Fw: viruses in Hippeastrum and everything else.

Adam Fikso adam14113@ameritech.net
Sun, 19 Nov 2006 14:21:32 PST
----- Original Message ----- 
From: "Annalee" <pasogal@ameritech.net>
To: <pbs@lists.ibiblio.org>
Sent: Sunday, November 19, 2006 1:13 PM
Subject: viruses in Hippeastrum and everything else.

> The ONLY thing I have found useful in controlling viruses in bulbous or 
> other plants is good cultural conditions (meaning those which the plant 
> likes and which enable it to thrive)  and an aspirin (acetylsalicylic 
> acid) drench from time to time.  A good working solution is 2--325 mg. 
> tablets per gallon of water.  This will not kill the virus since viruses 
> are not killable, but it does trigger the plants immune response and may 
> suppress the virus's effects.  It also works well fairly on Erwinia 
> carotovora, but on Erwinia, the infected parts of the "bulb", tuber, or 
> rhizome need to be cut off, sterilized with, say, a chlorine-releasing 
> drying agent or scouring powder such as  Comet.
> This treatment will also enable Arisaemas to resist fungal infections that 
> develop from infection under moist conditions where there is insufficient 
> air movement.  The tuber will re-emerge the folowing year without  the 
> fungus
> The reason that viruses cannot be "killed" is because technically, they 
> are not "alive" in the usual sense.  They come "alive" only when they have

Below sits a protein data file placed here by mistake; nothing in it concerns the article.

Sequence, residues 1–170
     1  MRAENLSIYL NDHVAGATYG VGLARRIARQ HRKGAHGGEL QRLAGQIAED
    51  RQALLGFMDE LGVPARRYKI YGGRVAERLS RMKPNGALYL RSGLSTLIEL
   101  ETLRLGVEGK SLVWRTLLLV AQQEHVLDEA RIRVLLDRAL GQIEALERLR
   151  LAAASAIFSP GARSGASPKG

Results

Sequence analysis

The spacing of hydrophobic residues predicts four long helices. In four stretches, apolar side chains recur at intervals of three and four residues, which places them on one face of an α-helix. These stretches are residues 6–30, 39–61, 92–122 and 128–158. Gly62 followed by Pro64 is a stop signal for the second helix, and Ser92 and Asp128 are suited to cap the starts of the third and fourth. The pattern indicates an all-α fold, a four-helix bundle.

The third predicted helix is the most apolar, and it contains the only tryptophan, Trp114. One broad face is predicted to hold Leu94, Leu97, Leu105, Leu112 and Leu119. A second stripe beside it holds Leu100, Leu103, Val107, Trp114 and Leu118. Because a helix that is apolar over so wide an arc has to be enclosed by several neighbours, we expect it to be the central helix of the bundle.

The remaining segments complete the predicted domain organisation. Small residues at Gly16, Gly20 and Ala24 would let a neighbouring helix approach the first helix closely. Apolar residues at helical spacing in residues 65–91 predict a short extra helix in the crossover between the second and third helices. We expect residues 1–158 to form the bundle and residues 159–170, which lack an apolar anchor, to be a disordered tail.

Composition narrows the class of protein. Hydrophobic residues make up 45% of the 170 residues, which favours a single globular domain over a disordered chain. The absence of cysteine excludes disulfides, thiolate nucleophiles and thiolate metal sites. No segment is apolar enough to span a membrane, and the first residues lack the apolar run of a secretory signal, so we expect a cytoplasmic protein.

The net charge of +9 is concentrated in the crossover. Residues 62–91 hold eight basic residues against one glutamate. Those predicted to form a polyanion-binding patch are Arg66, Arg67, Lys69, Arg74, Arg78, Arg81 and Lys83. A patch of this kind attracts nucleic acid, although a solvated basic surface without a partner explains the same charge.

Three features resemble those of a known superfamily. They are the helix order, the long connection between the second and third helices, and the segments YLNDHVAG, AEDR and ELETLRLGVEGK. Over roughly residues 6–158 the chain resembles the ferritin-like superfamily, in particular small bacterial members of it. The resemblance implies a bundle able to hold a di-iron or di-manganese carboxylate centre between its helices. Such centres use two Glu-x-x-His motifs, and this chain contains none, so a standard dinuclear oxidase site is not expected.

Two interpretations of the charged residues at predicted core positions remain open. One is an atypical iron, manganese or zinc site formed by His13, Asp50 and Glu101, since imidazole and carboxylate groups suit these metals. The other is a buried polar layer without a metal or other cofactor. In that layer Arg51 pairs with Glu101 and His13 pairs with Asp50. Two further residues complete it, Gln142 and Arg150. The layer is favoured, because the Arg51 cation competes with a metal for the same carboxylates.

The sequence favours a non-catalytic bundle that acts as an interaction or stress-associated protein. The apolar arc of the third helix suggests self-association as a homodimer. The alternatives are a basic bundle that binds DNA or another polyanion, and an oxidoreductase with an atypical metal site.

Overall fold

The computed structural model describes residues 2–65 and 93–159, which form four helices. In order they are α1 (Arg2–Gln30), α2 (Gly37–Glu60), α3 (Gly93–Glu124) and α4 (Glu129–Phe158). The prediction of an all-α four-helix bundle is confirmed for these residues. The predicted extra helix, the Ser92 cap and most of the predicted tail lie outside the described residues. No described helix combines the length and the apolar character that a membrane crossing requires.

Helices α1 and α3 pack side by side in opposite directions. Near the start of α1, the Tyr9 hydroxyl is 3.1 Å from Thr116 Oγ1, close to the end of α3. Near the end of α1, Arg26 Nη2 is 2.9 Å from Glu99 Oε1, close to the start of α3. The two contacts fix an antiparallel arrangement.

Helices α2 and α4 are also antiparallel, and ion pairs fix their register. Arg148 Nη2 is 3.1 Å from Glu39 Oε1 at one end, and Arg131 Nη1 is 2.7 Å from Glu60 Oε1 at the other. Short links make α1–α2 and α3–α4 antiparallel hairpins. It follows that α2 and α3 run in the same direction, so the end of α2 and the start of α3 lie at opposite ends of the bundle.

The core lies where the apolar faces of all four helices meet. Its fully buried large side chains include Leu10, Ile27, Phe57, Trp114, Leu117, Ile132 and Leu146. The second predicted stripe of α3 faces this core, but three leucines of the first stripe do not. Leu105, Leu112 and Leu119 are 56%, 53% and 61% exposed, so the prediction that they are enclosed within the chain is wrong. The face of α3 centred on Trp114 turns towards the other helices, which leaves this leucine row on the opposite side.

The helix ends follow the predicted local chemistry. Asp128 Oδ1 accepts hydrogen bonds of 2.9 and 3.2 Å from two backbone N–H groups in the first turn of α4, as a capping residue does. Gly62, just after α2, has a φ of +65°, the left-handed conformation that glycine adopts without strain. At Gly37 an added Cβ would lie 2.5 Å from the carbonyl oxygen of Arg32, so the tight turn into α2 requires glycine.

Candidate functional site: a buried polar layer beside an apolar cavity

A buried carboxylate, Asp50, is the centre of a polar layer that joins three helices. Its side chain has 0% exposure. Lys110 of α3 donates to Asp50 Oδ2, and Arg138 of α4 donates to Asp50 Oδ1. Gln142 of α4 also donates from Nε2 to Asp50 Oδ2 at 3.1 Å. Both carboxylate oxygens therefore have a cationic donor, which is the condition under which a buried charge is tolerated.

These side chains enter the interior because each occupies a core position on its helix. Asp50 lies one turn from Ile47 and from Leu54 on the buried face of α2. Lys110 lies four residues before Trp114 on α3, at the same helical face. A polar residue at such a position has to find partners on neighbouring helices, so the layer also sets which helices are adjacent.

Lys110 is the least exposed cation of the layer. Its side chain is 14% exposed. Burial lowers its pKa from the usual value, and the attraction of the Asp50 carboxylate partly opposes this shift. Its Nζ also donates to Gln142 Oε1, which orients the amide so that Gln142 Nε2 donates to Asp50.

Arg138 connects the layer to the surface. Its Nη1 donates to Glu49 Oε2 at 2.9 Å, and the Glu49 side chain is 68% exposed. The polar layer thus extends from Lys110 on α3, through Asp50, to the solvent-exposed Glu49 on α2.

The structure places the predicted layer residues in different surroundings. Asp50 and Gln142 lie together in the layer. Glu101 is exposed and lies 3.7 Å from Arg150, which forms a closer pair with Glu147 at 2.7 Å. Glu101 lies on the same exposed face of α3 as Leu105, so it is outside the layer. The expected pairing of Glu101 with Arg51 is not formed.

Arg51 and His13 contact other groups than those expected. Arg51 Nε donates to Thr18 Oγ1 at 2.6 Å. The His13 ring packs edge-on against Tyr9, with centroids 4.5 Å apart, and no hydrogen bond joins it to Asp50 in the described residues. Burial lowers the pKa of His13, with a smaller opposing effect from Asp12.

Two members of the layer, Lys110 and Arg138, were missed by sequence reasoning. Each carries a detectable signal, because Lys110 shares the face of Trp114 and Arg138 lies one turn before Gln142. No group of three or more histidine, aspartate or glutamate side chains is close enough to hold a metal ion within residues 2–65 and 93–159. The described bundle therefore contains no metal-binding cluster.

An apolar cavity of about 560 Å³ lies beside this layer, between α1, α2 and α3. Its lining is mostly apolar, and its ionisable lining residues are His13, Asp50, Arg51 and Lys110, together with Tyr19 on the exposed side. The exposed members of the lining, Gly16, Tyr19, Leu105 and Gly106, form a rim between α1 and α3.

> infected a host.  The tobacco mosaic virus, for example,  can survive 
> boiling water for hours, alcohol soaks,  and can only be "killed" by being 
> "taken apart" , as it were, actually lysed    to its molecular parts which 
> can only be done by killing the host--not a usually acceptable method of 
> treastment.  Good if one is willing to destroy the entire population.  A 
> bit more technical stuff: The difference between being dissolved, and 
> lysed is that after being dissolved, a compound or a biological entity can 
> be reconstituted by drying, and   evaporating the solvent.  With lysing, 
> this does not occur, the molecular structure has changed forever and 
> cannot be reconstituted.  The same is true for human viral infections,m 
> i.e., chickenpox, one "gets over "  the disease, but it can recur years 
> later in the form of "shingles".  Which is very painful and can be lethal. 

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